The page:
7-Eleven robber 'OK' with prison term
Robert Chaffin told the court he didn’t have a problem doing 10 years in prison for robbing the McMinnville 7-Eleven convenience store, punching a fellow Yamhill County Jail inmate and violating his probation on a previous conviction.
His court-appointed attorney, Mary Biel of McMinnville, said Chaffin had one of the “saddest, most difficult life stories” she had ever heard.
“I am speechless,” Circuit Judge Ronald Stone said, after hearing from Chaffin and Biel.
He sentenced the 23-year-old to 130 months — 10 years and one month — Monday afternoon after accepting guilty pleas to one count each of second-degree robbery, third-degree assault and a probation violation.
Chaffin was indicted by a grand jury on charges of first-degree robbery and second-degree assault.
Biel, who has represented him multiple times in the past, negotiated the reductions with Eagan in exchange for the guilty pleas. In addition, Eagan agreed to dismissal of lesser counts of harassment, menacing and unlawful use of a weapon.
Chaffin got 70 months for committing the robbery, 30 months for committing the assault and 30 months for violating terms of his probation on a prior conviction for manufacture of an explosive device.
Capt. Matt Scales of the McMinnville police gave this account of the knifepoint robbery, which occurred in mid-December at 910 S.E. Baker St.:
Chaffin entered the store, located across from the Linfield College campus, about 12:30 a.m. Displaying a knife, he confronted the clerk and demanded money.
After the clerk complied, he fled on foot. The clerk immediately activated the store’s hold-up alarm and called 911.
Surveillance photos were shown to deputies at the county jail, and they identified Chaffin as the likely perpetrator. He already had warrants out for his arrest. He was high on methamphetamine when apprehended.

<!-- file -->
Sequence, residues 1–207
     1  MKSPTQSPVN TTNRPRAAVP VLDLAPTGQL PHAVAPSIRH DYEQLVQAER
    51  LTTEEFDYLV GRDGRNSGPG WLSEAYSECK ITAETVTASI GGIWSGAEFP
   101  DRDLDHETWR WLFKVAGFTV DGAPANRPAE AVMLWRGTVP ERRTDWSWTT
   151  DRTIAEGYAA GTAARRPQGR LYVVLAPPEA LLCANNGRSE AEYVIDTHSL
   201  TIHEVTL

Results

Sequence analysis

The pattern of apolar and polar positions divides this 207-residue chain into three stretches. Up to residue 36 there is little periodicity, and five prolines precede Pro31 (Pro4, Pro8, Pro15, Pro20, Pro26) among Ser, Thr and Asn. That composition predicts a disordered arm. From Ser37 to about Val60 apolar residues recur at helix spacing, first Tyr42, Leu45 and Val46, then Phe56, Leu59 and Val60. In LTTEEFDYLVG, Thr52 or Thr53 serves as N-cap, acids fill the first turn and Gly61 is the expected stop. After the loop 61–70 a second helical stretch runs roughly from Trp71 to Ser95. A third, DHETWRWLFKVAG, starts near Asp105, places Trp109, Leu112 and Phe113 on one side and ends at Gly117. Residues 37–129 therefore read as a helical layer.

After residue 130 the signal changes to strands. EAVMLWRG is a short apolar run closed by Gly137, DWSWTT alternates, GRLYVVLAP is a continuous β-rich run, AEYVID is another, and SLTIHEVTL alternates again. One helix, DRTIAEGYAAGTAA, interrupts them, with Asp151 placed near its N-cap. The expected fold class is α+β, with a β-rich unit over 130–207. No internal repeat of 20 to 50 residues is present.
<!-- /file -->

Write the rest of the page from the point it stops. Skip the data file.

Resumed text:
Chaffin had been in custody a few days when he got into a fight with fellow inmate Noah Norton. He punched Norton with his fist, fracturing an eye socket.
Norton sustained a brain injury in 2008. As a result, he suffers from blurred vision, headaches and intermittent speech problems. As a result of being punched by Chaffin, these conditions are likely to worsen, according to a probable cause affidavit.
It was the second time Chaffin had struck a fellow inmate, Eagan said. He also lashed out last October in the jail’s day room in an incident caught on video.
“He said the victim called him stupid,” she told the court. “He said he has an anger problem.”
Eagan said Chaffin had priors for fourth-degree assault, harassment and fourth-degree assault, and reckless endangering, unlawful manufacture of a destructive device and possession of a destructive device, stemming from three cases.
“He built an IED in November 2012,” she told the court. When it went off, she said, “It mangled his hand. A friend was not injured.”
Eagan said Chaffin wrote her a three-page letter on sentencing issues. While he admitted guilt for past actions, she said, he expressed little remorse and said he doubted prison time was going to get him on a better track.
“I’m OK with going to prison,” he said. “Ten years is OK.
“I don’t have to worry about anything when I’m there. What I worry about is when I get out.”
Biel said he had been shuffled from one foster home to another as a youth. As a result, she said, he had developed anger issues.
He probably suffers from attachment disorder as well, she said. That’s a term used to describe mood, behavior and social relationship challenges arising from a failure to form normal attachments to primary caregiving figures in early childhood.
Biel went on to tell the court, “He suffers from paranoid schizophrenia, is on five medications, feels like everyone is out to get him, is suicidal and has mood swings.
“He believes life is hopeless, yet wants to be rehabilitated and wants a regular life.”
Stone said there is always hope. “You’re a young man,” he told Chaffin, “and your alcohol, drug and mental health issues are treatable.”